July 5, 2005, 10:47PM


Finding a spot for a shady bus stop

Group to use design survey to help get eclectic new shelters built

Copyright 2005 Houston Chronicle

CONTINUING a years-long effort to highlight the neighborhood's diverse array of artists and, well, general funkiness, the Houston Heights Association is running a survey for residents to choose among six eclectic designs for new bus stops.

The designs were the created by students working in Cheryl Beckett's graphic communications class at the University of Houston last fall. The idea was suggested to Beckett, a Woodland Heights resident, by association board member Gonzalo Camacho.

"Gonzalo was looking for different ways to get public art in the Heights," Beckett said. "He had suggested these bus shelters. That was kind of interesting for us to do something that was functional and public art at the same time."

The idea was a last-minute addition to the class, but the designs show off a depth of understanding of the neighborhood as a whole, Beckett said.

"This was great for the students," Beckett said. "They were graphic design students and not architects, so we don't tend to think in terms of large scale public projects. There was a pretty good learning curve in a short time since the project was only four weeks long.

"They tried to understand not only what the Heights is all about, but what you'd want to place in that environment and what goes into a bus shelter."

As part of the students' preparation, association Restoration and History Committee chairman Dean Swanson gave them a talk on the history and architecture of the neighborhood.

"We had done banners for the Houston Farmer's Market, so they had a little taste of the Heights already," Beckett said. "Then in came Dean and they had the raw materials to make an assessment of the neighborhood in a week. So it was pretty interesting how they viewed the Heights. They did a lot in a short amount of time."

The six designs from the students, who have all since graduated, range from a celebration of the arts-and-crafts bungalow architecture so prevalent in the neighborhood to one with an arboreal theme celebrating the Heights' trees.

Others highlight the historical role of the trolley line that originally connected the Heights to the city of Houston, the neighborhood's artistic tradition, the ubiquitous (for the Heights anyway) front porches and the area's elevation, which originally drew residents to the neighborhood back in the 1890s.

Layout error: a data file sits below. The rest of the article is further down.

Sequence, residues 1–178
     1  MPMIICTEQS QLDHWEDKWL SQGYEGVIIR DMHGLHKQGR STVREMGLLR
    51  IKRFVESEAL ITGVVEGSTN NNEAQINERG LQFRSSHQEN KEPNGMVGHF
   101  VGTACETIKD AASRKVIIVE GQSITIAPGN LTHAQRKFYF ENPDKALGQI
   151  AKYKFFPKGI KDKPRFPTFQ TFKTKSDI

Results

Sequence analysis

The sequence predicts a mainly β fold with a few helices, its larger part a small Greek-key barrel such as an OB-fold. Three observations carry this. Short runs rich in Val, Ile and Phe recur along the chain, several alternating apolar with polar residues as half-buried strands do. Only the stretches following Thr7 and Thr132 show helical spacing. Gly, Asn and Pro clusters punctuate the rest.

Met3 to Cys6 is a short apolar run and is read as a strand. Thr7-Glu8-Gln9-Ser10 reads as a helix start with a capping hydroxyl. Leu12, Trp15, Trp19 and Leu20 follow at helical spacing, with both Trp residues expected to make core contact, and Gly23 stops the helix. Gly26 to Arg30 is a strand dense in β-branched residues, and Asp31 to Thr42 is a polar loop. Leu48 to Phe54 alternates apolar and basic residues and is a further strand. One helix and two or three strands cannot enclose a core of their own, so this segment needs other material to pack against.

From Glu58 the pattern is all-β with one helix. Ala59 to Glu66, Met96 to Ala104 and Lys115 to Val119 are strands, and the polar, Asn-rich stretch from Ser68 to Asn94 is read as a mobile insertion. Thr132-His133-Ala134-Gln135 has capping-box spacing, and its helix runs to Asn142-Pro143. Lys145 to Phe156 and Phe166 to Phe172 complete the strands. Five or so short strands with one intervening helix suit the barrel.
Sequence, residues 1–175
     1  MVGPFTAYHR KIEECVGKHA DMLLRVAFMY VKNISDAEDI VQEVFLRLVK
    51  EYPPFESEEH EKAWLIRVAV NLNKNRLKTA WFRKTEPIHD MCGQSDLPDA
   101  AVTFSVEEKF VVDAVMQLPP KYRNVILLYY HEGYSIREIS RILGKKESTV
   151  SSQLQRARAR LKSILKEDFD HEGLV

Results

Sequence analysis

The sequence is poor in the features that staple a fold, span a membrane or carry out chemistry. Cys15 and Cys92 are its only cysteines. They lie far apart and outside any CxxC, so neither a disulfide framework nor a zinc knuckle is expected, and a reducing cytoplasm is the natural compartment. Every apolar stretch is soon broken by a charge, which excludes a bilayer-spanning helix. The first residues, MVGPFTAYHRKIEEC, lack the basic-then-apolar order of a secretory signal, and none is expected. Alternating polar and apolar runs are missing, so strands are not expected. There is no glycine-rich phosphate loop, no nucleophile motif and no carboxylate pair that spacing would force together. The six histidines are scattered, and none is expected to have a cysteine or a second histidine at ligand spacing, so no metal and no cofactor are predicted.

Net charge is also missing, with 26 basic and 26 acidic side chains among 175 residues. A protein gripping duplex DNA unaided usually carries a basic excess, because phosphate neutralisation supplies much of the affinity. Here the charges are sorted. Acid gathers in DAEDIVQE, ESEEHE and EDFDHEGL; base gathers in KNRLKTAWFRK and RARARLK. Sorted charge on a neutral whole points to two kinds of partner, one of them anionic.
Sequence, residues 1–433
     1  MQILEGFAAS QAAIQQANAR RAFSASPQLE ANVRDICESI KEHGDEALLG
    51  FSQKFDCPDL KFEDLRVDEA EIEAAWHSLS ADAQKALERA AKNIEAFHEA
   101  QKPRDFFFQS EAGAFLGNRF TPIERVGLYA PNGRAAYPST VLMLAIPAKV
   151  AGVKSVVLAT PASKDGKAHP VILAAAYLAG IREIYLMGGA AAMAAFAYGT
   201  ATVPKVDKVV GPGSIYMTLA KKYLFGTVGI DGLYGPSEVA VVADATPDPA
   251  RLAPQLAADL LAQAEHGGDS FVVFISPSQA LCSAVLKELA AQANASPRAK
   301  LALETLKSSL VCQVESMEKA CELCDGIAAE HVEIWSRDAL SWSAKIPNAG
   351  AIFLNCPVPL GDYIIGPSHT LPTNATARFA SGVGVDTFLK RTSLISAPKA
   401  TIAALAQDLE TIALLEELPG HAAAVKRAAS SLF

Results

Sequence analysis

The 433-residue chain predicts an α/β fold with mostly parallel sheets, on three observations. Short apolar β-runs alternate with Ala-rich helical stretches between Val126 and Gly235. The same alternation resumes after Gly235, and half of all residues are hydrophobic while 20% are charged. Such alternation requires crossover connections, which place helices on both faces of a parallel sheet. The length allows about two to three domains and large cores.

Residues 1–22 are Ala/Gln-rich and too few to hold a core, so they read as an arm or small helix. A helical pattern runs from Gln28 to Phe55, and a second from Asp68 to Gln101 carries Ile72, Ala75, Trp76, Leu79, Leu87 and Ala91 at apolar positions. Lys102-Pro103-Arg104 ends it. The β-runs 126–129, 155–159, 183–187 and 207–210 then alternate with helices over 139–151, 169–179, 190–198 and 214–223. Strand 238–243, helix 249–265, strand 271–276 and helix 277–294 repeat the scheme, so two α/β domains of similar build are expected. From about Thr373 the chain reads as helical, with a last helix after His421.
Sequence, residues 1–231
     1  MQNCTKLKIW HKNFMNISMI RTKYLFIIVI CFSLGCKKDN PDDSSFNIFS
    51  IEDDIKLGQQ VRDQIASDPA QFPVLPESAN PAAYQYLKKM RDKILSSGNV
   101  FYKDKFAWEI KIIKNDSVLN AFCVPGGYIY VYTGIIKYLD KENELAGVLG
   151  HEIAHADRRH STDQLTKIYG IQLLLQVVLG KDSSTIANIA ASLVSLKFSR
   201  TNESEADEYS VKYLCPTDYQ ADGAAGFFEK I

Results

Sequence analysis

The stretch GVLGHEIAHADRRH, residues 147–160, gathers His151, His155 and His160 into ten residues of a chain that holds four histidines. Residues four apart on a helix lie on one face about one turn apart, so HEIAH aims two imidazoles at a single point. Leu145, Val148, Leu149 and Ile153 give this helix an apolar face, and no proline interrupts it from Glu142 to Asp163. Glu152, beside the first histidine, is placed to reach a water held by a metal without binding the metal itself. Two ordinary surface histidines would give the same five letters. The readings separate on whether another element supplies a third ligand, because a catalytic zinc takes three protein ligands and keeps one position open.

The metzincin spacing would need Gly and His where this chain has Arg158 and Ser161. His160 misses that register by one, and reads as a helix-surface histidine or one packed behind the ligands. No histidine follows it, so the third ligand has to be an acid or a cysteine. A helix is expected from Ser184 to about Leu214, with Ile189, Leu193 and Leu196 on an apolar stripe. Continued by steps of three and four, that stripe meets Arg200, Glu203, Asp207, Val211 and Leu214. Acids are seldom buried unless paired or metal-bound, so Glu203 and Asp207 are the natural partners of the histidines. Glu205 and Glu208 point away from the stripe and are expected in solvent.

Beckett said that whichever one comes out ahead in the survey, the thing to remember is that the designs represent prototypes more than finished products.

Any final design would have to be approved by the Metropolitan Transit Authority after going through its review process.

The Heights Association, for its part, plans to make the survey results the basis for discussions with Metro to get the shelters, or at least some of them, built.

"Members of the board of directors of the Houston Heights Association and our members would like to work together to make these shelters a reality and for them to become landmarks that remind us what makes the Houston Heights so unique and the reason we call it home," read a statement on the group's Web site.

Said Beckett, "If you don't approach Metro with a plan, they will just go forward with what they normally do. Ideally, you get your funding in place and then see if Metro is amenable to doing these more unusual bus shelters.

"We did present them to three people from Metro back in December. It was very positive in the sense that there was quite a lot of flexibility in terms of what could be done with them. So, certainly, these are prototypes for ideas more than they actually are things you would finally construct.

"Many things have to be considered in the real world in terms of seating, distance from the bus, disability access and that sort of thing," Beckett added.

Beckett said that, while this was the first time she had done anything like this in her class, she plans to do it again.

"I think all in all, it was a great experience for them," she said. "To have Dean Swanson and the Metro people come in and critique it makes a big difference. That really helped them understand what the public needs a lot better than just listening to my critique."

Graphics, booklets and models of each design are on view at Karen Derr Realty, 1545 Heights Blvd.

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Copyright © Gonzalo E. Camacho